I think that this story was a bit better than the first one. I’ve really liked James Tynion’s work on Detective Comics over the last few years, as well as Justice League Dark, and he was the natural choice for merging the Bat and Turtle franchises.

It’s very apparent that Tynion has a passion for these characters and they all just sort of mesh really well together unlike other crossovers that seem forced or are penned by someone who may have a passion for one franchise but not both.

I also like that Freddie Williams II returned to do the art again. I think it really fits the tone of the book.

The plot here is better than the first corssover. It focuses on Bane taking over the Turtles version of New York City. Batman, Robin, Batgirl and Nightwing all show up to lend a helping hand. Eventually, the heroes have to free Shredder from prison and use him to give them an edge over Bane, who now controls the Foot Clan, along with Bebop and Rocksteady.

In the end, I can’t call these classics but they are pretty fun reads. I wasn’t a huge fan of the first one but this arc is better paced, feels more organic and Tynion has found his footing better than the initial outing.

I can’t wait to read the third one, once it’s been collected.

Rating: 7.75/10
Pairs well with: Batman/Teenage Mutant Ninja Turtles, Vol. 1 and 3, as well as other recent TMNT crossovers.

Comic Review: Batgirl: Stephanie Brown, Vol. 2

Published: March 20th, 2018
Written by: Bryan Q. Miller
Art by: Lee Garbett, Pere Perez, Ramon F. Bachs, Dustin Nguyen

DC Comics, 327 Pages

Review:

This has been a really cool series and although I’m a massive fan of the Barbara Gordon version of Batgirl, Stephanie Brown is a really lovable character that has earned her way to wearing the cowl made famous by the original Batgirl.

Now this volume wasn’t as good as the first and sadly, it’s the last volume in the series, as it fell victim to DC Comics rebooting everything, which they think is necessary every few years now.

Anyway, I still enjoyed this collection of issues, which were mostly a string of 2-3 issue arcs but I think that the first one was more appealing and a better read because it focused on the new Batgirl proving herself and her value.

At the start of this one, she’s accomplished that and even has the real Batman rooting for her. The thing is, that takes away some of the tension in the plot and the drive within the character. It’s that old adage about how the journey is better than the destination.

Now the destination is fine and it is cool seeing Stephanie Brown becoming more confident and stronger but the thing I liked about her was her defiance against those trying to keep her down. Now she’s pretty much loved by those same people and even though the story needed to evolve towards that, it’s just missing it’s edge.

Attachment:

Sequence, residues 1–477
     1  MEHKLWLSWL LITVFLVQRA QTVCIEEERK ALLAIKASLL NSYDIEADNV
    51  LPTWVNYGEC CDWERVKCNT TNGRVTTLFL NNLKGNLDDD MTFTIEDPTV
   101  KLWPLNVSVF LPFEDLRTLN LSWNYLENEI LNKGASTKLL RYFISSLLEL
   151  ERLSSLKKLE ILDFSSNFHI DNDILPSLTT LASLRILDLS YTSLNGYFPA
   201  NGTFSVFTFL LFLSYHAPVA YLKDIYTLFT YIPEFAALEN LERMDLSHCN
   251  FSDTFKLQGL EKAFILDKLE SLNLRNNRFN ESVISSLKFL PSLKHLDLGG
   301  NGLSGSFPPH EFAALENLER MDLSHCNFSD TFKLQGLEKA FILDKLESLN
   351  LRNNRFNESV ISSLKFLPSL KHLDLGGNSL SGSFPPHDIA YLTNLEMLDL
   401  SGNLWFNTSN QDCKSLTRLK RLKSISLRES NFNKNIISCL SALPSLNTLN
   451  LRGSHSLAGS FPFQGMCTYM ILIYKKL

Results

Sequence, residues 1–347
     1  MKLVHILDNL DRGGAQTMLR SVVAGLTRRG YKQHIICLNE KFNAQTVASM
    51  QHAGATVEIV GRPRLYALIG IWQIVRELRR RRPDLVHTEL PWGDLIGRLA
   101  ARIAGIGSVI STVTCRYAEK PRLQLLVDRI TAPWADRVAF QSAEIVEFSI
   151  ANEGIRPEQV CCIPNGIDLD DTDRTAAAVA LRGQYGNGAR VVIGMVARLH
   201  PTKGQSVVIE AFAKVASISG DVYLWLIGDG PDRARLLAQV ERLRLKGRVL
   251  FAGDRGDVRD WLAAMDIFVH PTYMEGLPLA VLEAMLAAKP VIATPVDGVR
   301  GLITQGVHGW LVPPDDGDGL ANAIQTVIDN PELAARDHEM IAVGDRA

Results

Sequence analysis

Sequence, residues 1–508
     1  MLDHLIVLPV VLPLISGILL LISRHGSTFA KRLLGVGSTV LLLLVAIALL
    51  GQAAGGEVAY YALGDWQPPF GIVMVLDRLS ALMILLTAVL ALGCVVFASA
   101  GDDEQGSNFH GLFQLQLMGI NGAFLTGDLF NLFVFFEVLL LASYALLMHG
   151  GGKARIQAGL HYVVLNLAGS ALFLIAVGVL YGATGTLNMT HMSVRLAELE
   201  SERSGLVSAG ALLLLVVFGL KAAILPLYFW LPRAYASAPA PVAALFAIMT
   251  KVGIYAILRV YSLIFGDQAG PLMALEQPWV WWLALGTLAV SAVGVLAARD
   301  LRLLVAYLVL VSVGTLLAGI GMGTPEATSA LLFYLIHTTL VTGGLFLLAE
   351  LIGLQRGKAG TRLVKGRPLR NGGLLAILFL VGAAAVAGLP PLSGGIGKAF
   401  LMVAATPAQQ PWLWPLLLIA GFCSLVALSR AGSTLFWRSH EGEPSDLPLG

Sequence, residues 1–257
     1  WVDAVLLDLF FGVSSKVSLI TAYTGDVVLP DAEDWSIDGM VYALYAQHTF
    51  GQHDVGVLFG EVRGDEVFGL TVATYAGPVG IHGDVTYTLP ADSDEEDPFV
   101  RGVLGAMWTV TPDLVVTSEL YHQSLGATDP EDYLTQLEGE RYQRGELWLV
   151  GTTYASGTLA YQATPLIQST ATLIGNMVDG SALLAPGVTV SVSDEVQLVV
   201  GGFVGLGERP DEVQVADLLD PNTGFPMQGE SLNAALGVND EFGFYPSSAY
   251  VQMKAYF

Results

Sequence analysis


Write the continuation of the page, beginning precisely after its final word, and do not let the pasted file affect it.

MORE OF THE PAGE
But truthfully, this could have very well picked up into something exceptional and this volume feels like that’s on the verge of happening but the series was cut off with the end of this book.

Stephanie Brown deserves to be Batgirl, she really earned it and it was fun experiencing her journey but DC wanted Barbara Gordon back and Stephanie got downgraded back to Spoiler, which seems like a real slap in the face by her intellectual property owners.

Rating: 7.5/10
Pairs well with: the volume before this one.

Comic Review: Batgirl: Stephanie Brown, Vol. 1

Published: August 22nd, 2017
Written by: Bryan Q. Miller
Art by: Lee Garbett, Pere Perez, John Trevor Scott

DC Comics, 296 Pages

Review:

I wasn’t sure what to think going into this series. I mean, I always liked Stephanie Brown as Spoiler since she first popped up in the ’90s but I’m not too keen on anyone other than Barbara Gordon being Batgirl.

However, I’m really happy to say that this book impressed me and was a heck of an exciting read.

Stephanie Brown is just a fun character and in many ways she reminds me of Barbara Gordon before she became Oracle. She has a lot of energy and her personality is infectious and definitely comes right off of the page.

That being said, this is very well written. Bryan Q. Miller was hitting homers right out of the park with just about every issue of the twelve that are collected in this big volume.

Reading this now is also interesting because it all takes place in the era where Dick Grayson a.k.a. Nightwing was filling in for Batman. It creates an interesting dynamic between the characters and what they all think Bruce Wayne wanted for his legacy.

Barbara Gordon is in this as Oracle and she is essentially the new Batgirl’s Alfred. It’s a nice passing of the torch to Stephanie Brown and it sort of legitimizes her. As a reader and fan of Barbara, her acceptance of Stephanie translates to the reader who may have reservations about a new Batgirl.